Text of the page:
In just a few short months, the school year will be over. While many teachers use this time to prep for the next one, you might be wondering whether returning to the same job is the right move. Maybe your grade level or subject isn't a good fit. Maybe you like your job but need a new challenge. Maybe you'd like to stay in education but try a different role. Is it time for a change?
Further Reading: A Teacher Self-Evaluation Checklist: 6 Questions to Ask Yourself
Making a career change is a big deal. Here are some ideas that might help you make the right decision for your professional development.
Talk to Your Principal or Supervisor
If you feel comfortable sharing your thoughts about your job with your principal or an administrator, talking things through with them could be a good place to start. My friend Hannah, for example, got hired last year as the theater director at a local high school. She thought it was her dream job, but countless auditions and rehearsals for a stuffed slate of productions often held her at school long after the final bell rang, and she often didn't get home until after 6 p.m. Hannah's a single parent, and the long hours didn't jibe with her child's needs. She met with her principal and explained that as much as she loved working with the kids, the job was unsustainable for her.
The principal wanted Hannah to stay, so he offered to reduce the yearly theater production schedule and to try to find help for sets and lighting. Hannah agreed to stay on and give it a try the next year.
Not every conversation with a school administrator goes this smoothly. Still, if you're comfortable sharing your thoughts with your higher-ups, they may keep you in mind should new opportunities arise.
Explore Other Jobs in the School
If you want to stay in education but you've grown weary of the classroom, look around your school to see what else interests you. Some jobs—such as guidance counselor, librarian, school psychologist, or administrator—require more professional development or even another degree or certification. Most can be completed within two years, and you might be able to take classes in the evening or online. While earning another degree requires commitment, time, and money, it can be worth it if you find a new role that challenges you and makes you happy, especially if you plan to stay in education for a number of years.
If that sounds like too drastic a change, moving to a new grade level—from fifth grade to second, or from middle school to high school—might suit you better, and such a move won't require any additional professional development. My colleague Jan requests a change of grade level about every three years.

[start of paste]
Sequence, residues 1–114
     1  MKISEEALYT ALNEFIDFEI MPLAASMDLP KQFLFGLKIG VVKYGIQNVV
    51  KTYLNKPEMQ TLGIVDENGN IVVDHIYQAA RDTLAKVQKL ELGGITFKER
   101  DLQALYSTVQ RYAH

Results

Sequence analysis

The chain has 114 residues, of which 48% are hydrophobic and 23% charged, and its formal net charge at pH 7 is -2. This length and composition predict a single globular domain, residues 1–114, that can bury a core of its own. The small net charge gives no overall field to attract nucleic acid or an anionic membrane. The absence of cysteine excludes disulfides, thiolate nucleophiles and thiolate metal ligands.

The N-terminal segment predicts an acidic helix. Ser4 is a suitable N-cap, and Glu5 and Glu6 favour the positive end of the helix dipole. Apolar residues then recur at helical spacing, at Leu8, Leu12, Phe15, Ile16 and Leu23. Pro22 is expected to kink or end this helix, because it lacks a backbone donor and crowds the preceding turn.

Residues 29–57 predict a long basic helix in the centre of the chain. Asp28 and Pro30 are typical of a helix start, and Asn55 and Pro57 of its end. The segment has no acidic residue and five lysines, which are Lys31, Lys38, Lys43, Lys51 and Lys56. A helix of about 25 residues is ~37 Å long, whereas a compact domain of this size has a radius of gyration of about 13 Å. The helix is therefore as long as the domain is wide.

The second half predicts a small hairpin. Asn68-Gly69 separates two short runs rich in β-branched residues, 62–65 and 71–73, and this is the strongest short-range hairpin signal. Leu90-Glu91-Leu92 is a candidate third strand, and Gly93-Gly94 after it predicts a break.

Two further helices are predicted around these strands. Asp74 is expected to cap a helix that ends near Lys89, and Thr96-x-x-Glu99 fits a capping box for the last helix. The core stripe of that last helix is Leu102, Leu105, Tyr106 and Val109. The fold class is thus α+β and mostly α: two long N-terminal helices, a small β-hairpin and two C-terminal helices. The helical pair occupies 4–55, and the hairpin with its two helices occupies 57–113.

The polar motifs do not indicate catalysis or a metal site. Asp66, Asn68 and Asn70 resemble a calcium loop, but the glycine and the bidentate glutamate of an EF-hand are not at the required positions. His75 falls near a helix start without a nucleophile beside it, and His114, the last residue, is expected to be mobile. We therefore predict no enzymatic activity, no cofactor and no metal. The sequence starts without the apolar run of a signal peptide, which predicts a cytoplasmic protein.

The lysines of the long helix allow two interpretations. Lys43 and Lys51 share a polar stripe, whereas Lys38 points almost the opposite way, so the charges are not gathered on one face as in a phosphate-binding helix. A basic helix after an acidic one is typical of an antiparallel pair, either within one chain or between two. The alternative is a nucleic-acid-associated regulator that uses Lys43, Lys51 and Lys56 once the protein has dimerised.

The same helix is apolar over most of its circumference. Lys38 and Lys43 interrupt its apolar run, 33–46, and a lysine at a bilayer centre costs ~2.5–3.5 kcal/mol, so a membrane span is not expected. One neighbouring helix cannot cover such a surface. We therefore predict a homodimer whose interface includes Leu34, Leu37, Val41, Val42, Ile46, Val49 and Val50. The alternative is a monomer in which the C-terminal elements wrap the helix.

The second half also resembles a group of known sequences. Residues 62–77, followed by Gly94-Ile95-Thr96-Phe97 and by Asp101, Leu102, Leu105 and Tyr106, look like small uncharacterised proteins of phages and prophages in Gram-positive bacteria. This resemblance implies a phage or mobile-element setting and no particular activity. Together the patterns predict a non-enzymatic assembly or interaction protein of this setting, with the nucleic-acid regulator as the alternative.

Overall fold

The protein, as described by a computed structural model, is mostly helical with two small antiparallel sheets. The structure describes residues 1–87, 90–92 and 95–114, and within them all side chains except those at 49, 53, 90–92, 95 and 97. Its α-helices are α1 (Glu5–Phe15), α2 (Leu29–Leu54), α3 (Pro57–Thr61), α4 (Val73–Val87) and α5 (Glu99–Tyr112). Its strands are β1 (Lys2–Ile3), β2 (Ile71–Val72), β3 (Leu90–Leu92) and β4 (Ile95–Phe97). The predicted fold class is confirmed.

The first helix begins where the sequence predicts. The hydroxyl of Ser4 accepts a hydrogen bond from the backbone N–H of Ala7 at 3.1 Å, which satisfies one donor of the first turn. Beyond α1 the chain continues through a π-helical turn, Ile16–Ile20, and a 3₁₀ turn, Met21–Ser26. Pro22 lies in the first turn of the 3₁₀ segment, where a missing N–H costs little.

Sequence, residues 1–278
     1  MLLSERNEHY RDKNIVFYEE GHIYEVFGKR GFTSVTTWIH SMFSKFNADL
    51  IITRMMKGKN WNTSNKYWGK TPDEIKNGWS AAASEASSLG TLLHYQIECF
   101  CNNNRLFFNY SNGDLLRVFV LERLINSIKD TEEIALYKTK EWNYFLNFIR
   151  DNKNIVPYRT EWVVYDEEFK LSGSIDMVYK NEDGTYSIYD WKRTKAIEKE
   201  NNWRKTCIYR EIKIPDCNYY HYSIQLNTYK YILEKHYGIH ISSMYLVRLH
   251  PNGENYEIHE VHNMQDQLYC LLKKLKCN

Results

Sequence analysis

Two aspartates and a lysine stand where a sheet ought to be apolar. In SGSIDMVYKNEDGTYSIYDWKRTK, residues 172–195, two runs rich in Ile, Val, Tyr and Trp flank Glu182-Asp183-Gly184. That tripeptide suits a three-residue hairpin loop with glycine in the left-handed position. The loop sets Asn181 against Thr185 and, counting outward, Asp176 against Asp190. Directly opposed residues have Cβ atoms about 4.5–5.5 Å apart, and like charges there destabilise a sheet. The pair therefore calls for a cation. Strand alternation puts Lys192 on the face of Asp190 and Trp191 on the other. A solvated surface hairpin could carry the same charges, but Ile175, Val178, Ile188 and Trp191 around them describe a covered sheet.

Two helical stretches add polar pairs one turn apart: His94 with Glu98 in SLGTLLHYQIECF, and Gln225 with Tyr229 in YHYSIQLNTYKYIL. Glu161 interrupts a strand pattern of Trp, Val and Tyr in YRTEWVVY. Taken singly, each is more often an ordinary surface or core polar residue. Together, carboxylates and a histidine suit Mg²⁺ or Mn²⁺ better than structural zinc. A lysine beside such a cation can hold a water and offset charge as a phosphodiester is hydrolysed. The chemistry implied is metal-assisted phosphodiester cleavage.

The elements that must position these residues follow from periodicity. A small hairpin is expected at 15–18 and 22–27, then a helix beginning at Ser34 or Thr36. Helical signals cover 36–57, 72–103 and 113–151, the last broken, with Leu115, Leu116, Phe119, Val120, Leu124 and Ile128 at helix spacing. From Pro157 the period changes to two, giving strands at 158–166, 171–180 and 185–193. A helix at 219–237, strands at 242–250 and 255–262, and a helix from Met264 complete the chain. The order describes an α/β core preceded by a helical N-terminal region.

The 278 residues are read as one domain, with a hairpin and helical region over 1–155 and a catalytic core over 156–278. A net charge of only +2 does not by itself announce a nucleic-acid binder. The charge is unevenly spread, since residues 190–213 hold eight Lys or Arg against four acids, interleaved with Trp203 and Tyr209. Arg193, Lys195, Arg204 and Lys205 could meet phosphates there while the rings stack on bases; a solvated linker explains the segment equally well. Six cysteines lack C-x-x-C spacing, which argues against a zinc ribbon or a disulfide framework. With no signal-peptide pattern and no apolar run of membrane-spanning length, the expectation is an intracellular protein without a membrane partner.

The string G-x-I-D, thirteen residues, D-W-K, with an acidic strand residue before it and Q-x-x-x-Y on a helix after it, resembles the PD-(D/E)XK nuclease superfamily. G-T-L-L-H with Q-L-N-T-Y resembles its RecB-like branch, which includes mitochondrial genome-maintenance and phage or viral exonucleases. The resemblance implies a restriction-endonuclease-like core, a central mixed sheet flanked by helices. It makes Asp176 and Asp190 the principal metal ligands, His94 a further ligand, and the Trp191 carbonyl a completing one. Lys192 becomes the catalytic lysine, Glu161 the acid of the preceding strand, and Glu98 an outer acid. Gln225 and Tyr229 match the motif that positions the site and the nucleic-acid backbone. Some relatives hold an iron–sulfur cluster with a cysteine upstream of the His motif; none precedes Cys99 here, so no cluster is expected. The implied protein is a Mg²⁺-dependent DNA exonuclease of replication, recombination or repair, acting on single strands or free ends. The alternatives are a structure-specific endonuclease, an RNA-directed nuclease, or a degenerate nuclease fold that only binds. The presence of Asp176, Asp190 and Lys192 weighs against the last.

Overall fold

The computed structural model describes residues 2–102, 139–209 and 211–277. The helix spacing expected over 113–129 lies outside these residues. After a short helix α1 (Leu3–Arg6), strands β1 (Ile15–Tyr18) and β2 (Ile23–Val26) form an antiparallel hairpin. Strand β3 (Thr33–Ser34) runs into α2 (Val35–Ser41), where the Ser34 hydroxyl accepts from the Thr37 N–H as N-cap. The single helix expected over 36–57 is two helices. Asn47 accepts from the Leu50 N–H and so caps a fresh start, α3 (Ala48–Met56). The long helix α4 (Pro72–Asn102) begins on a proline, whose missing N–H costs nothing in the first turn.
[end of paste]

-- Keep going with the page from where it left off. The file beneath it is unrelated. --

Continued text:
"It keeps me fresh," she says. "If it's not possible, it's OK. I'll just wait until next year."
Look Beyond Your Current School
Another option is to look at job postings at other schools. Some school districts are large enough that you could transfer to another school for a new assignment. But check out surrounding districts, too, to see what jobs are available there. It's a good idea to look for openings before you sign a contract with your current district. Many school districts have standing agreements not to hire teachers who have already committed to another district.
If you really want a change, look for jobs in education that are a little off the beaten path. I know two teachers who left the K–12 classroom to teach inmates at a nearby prison. Another teaches GED classes at a technical school; she wrote about her experience in EdWeek. One enterprising teacher formed her own tutoring business. A teacher friend left the classroom to work at a bank; she now uses her classroom skills to teach technical writing to employees. These jobs might not appeal to everyone, but some teachers find a new position to be just the change they need.
Weigh the Pros and Cons
Making a career change can be difficult. You know that there are pros and cons to every job. You may want to try something new, but you've made lots of friends and learned a lot in your current position. You may think that parents are demanding, but your principal respects and supports the teaching staff. An administrative job might mean more pay, but it also means working summers. Weighing these details can help you make a tough professional decision.
Further Reading: 3 Actions That Advance Professional Development for Teachers
Of course, only you can decide what the right step is. Teachers do their best work when they're doing a job they love. And kids do their best work with a teacher who wants to be there, day in and day out. If you're struggling to give your all in the classroom, consider other options that will allow you to make the most of your abilities and that will psych you up to go work every day. Professional development can be tough, but the end of the year provides the perfect opportunity to see if there's a better fit out there.